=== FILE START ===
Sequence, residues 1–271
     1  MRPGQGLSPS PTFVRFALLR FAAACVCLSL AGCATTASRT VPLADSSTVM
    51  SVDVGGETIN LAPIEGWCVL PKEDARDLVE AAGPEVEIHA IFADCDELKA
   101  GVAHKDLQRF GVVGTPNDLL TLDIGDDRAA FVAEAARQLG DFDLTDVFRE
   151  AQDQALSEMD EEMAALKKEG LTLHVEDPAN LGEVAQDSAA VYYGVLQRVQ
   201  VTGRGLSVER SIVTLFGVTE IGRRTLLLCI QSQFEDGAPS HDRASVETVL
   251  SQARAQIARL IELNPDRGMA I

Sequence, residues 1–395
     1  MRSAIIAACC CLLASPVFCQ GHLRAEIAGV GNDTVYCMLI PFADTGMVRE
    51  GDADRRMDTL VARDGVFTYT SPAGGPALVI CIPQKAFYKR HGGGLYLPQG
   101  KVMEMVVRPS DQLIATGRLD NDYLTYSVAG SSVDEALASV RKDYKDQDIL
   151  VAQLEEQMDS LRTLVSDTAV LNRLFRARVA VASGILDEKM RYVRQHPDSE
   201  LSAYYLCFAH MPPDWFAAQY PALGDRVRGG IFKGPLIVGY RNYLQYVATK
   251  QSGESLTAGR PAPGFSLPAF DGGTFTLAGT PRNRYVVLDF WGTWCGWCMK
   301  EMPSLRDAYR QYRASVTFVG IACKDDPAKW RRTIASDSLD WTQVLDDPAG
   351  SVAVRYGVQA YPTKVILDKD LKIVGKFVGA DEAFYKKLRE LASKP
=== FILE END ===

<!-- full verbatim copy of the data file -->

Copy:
Sequence, residues 1–271
     1  MRPGQGLSPS PTFVRFALLR FAAACVCLSL AGCATTASRT VPLADSSTVM
    51  SVDVGGETIN LAPIEGWCVL PKEDARDLVE AAGPEVEIHA IFADCDELKA
   101  GVAHKDLQRF GVVGTPNDLL TLDIGDDRAA FVAEAARQLG DFDLTDVFRE
   151  AQDQALSEMD EEMAALKKEG LTLHVEDPAN LGEVAQDSAA VYYGVLQRVQ
   201  VTGRGLSVER SIVTLFGVTE IGRRTLLLCI QSQFEDGAPS HDRASVETVL
   251  SQARAQIARL IELNPDRGMA I

Sequence, residues 1–395
     1  MRSAIIAACC CLLASPVFCQ GHLRAEIAGV GNDTVYCMLI PFADTGMVRE
    51  GDADRRMDTL VARDGVFTYT SPAGGPALVI CIPQKAFYKR HGGGLYLPQG
   101  KVMEMVVRPS DQLIATGRLD NDYLTYSVAG SSVDEALASV RKDYKDQDIL
   151  VAQLEEQMDS LRTLVSDTAV LNRLFRARVA VASGILDEKM RYVRQHPDSE
   201  LSAYYLCFAH MPPDWFAAQY PALGDRVRGG IFKGPLIVGY RNYLQYVATK
   251  QSGESLTAGR PAPGFSLPAF DGGTFTLAGT PRNRYVVLDF WGTWCGWCMK
   301  EMPSLRDAYR QYRASVTFVG IACKDDPAKW RRTIASDSLD WTQVLDDPAG
   351  SVAVRYGVQA YPTKVILDKD LKIVGKFVGA DEAFYKKLRE LASKP